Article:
"There's never been a war fought in this environment before," Donald Rumsfeld [said.] "Today we are fighting the first war in the era of e-mail, blogs, BlackBerries, instant messaging, digital cameras, the Internet...The U.S. government still functions as a five-and-dime store in an eBay world."
To hear the Defense Department tell it, modern communications technology is creating a ripe environment for anti-US propaganda, delivered straight to Americans' computers, according to News.com.
Rumsfeld didn't mention YouTube, but apparently, it's the power of video images that is really concerning an administration that has been especially aggressive about controlling the message, emasculating the media, and unleashing swift-boaters.
"The enemy is taking propaganda straight to the American people," said Nancy Snow, associate professor at California State University at Fullerton and author of "Propaganda Inc." "You have to give them credit for utilizing the power of this new medium. They're using cheap technology, but today anybody with a video camera can make his own movie and broadcast it."
The article describes anti-US videos like "Iraq-The Truth," in which a narrator says: "People of America, we wish to share with you our thoughts on the events we experienced. Despite the madness we have endured we see no harm in presenting you with the criminal nature of your newly elected emperor."
But it's not just propaganda from anti-war activists or even from insurgents themselves. Soldier-created videos that give voice to anger and dissatisfaction with participating in the war may be even more concerning to the Pentagon. After all, returning Vietnam vets talking about the atrocities they committed played a huge part in turning public sentiment against the war.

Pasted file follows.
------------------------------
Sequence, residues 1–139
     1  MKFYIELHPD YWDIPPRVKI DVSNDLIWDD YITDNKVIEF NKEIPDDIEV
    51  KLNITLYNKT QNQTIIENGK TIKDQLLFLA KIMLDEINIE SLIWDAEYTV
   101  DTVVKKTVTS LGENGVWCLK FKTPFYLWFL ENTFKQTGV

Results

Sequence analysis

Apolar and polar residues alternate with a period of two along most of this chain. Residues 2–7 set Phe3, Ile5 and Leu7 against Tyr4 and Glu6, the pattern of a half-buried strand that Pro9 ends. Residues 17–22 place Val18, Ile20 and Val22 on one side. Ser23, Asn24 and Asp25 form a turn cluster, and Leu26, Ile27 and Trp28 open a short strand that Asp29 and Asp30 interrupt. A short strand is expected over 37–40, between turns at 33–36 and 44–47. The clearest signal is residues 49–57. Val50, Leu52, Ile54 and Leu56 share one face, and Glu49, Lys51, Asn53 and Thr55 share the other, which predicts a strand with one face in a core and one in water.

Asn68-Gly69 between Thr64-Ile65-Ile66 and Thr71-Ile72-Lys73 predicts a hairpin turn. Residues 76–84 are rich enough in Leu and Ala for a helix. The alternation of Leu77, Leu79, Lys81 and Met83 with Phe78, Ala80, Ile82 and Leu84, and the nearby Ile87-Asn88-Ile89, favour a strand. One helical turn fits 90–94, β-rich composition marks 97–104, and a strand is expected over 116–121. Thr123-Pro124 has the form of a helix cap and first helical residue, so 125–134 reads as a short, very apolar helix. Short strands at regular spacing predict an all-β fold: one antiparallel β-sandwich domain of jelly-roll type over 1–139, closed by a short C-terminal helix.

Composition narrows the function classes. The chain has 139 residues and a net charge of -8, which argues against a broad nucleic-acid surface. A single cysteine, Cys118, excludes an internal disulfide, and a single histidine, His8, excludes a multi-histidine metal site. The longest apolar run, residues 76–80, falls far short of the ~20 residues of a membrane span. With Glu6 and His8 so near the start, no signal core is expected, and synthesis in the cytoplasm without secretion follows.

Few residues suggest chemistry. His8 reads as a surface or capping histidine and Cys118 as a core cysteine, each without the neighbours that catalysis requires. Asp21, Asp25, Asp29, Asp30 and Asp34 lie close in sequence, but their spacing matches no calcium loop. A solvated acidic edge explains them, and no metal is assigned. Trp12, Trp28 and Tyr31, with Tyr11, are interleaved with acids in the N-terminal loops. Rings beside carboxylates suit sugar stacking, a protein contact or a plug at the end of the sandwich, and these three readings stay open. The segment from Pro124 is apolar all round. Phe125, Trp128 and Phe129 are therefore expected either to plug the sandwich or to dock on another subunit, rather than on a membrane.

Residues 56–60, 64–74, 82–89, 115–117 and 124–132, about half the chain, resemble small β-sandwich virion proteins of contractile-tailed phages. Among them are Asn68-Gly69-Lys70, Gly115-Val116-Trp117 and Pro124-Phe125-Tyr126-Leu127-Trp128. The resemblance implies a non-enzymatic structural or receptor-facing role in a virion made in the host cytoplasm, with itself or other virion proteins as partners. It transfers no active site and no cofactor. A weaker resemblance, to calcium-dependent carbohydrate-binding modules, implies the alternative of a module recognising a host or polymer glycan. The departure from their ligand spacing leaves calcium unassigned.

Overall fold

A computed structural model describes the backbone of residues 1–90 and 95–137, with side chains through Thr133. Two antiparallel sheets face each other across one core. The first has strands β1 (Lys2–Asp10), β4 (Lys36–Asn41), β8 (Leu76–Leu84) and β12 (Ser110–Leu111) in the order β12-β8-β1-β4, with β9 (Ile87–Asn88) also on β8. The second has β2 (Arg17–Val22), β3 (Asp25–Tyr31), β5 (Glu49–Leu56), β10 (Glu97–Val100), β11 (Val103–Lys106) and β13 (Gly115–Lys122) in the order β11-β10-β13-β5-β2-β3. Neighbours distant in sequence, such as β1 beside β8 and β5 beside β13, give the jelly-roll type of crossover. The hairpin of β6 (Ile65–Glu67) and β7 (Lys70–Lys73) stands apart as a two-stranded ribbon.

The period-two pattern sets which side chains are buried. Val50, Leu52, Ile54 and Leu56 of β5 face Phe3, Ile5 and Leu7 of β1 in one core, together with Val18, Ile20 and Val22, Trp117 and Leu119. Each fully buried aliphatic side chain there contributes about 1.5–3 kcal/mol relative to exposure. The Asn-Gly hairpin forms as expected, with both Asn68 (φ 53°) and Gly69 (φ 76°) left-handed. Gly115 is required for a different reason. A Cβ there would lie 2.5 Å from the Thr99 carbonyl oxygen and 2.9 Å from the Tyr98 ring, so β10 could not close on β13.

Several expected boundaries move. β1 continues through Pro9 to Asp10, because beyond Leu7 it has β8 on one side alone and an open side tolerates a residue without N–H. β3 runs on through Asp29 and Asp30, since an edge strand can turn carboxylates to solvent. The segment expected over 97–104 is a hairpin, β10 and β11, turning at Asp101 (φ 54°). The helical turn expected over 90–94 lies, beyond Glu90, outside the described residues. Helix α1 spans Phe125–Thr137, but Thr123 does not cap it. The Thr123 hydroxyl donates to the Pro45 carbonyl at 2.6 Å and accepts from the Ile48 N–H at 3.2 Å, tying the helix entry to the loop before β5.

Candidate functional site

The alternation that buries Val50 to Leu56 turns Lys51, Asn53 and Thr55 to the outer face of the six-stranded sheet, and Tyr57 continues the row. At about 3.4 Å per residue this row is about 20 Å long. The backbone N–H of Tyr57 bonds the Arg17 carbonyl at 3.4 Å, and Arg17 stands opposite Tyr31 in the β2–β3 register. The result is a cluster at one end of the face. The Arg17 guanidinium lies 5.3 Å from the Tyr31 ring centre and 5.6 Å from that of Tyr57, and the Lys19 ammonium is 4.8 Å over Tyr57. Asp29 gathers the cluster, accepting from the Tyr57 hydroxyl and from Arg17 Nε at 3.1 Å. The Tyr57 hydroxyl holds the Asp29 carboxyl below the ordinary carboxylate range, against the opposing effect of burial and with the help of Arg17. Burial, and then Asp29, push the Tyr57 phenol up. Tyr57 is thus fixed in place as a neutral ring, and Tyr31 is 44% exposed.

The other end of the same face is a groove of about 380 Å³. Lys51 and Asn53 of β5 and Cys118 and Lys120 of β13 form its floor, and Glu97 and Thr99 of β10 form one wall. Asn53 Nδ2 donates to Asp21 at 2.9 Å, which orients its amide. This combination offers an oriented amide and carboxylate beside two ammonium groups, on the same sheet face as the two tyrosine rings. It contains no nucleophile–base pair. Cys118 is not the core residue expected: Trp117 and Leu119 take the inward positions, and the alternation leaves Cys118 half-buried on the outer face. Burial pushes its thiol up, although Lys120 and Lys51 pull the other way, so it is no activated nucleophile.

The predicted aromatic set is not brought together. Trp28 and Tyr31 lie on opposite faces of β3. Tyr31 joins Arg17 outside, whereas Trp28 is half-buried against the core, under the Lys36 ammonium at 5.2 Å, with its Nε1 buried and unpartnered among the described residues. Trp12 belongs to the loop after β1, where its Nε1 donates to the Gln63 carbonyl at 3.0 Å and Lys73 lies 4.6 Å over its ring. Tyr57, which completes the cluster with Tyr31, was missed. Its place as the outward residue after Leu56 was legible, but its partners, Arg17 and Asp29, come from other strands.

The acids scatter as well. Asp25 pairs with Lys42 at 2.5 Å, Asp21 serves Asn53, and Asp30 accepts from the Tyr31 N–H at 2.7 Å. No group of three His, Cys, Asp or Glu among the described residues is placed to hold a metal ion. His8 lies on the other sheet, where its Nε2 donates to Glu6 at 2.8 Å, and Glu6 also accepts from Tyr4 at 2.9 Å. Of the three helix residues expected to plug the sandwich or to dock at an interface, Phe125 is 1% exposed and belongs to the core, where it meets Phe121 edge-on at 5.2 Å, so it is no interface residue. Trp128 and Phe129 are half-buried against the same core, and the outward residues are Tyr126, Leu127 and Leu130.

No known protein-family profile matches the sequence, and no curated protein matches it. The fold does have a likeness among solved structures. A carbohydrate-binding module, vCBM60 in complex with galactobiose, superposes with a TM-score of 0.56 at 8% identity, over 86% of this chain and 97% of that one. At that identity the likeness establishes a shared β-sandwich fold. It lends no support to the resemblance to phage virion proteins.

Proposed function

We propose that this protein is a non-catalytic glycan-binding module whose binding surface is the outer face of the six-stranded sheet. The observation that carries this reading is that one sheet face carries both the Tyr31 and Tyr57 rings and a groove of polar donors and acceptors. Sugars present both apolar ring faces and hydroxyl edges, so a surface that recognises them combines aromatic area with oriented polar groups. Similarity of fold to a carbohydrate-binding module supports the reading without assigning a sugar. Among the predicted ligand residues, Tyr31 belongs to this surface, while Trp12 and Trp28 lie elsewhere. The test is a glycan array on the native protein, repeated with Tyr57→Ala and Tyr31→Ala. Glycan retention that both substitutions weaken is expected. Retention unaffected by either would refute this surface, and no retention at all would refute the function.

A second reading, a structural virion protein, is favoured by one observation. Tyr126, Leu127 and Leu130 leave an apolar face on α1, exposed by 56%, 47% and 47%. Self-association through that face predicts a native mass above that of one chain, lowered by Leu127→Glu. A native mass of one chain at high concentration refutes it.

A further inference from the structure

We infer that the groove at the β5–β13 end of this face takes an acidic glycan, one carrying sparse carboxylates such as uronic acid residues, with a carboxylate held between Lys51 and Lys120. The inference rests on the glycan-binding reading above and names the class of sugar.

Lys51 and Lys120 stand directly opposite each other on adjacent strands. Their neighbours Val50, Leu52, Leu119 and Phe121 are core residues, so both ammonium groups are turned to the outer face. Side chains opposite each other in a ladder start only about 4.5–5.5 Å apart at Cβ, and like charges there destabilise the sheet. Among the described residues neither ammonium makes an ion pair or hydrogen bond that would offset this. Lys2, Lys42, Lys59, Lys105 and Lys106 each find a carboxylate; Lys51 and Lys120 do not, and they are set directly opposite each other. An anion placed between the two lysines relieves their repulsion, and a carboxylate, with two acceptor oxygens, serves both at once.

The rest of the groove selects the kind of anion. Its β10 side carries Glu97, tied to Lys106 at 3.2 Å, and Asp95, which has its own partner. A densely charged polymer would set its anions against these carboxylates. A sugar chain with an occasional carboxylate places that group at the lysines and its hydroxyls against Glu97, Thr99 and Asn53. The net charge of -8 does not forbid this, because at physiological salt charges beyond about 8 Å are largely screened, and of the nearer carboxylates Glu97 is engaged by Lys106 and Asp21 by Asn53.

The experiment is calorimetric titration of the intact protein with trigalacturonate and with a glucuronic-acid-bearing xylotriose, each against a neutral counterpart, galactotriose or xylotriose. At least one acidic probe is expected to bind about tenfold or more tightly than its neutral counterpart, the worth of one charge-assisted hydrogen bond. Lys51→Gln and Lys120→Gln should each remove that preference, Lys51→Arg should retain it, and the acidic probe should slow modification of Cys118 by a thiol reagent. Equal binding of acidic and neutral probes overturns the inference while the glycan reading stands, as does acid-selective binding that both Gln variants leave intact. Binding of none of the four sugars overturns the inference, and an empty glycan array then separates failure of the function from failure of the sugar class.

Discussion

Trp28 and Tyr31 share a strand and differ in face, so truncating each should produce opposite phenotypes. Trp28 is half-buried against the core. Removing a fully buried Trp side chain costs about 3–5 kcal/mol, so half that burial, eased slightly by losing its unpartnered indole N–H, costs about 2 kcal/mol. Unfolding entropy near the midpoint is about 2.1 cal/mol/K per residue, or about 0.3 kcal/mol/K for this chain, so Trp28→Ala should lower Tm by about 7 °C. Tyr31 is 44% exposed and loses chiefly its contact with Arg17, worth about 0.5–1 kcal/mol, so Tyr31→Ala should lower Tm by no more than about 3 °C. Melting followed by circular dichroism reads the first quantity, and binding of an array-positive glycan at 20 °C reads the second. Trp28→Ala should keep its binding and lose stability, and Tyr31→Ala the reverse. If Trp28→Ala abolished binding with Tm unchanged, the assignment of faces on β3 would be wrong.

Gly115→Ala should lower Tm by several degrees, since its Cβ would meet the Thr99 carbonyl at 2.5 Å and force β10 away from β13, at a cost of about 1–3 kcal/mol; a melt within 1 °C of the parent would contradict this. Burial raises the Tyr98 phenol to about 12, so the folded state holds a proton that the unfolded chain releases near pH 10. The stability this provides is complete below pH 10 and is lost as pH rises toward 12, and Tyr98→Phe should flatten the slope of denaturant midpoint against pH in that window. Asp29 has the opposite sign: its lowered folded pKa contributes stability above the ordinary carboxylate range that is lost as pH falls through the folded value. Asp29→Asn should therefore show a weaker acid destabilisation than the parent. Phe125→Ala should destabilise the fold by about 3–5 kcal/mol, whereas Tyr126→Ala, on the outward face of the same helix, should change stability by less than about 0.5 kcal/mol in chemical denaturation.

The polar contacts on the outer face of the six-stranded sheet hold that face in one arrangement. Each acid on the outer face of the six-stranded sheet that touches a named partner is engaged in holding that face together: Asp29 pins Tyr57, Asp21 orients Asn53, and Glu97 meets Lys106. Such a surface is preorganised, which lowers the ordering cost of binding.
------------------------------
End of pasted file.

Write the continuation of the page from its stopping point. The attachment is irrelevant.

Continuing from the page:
Perhaps the best example of this is the controversial video called "Hadji Girl." The clip shows Joshua Belile, a U.S. Marine stationed in Iraq, singing a song about falling in love with an Iraqi girl before being ambushed by her family and being forced to kill them. Belile has reportedly said the song was meant as a dark joke but it enraged many Muslims.
On the other hand there are countless videos of soldiers engaged in the rock-n-roll business of the Army in Iraq.
There's the video titled "Iraq Airstrike" that appears to be taken by U.S. troops confronting an insurgent position. A bomb explodes on a building and the voices in the background whoop it up. "Sucks to be your a--," one of the voices says. "See you in hell, dog. See you in hell."
Ultimately, video is never unfettered reality. The 10-minute vids on YouTube offer the perspectives of their videographers. If it's unfiltered by the media or the government, it's certainly filtered by the agendas and experiences of those posting the videos. But as Rumsfeld says, it is a new environment.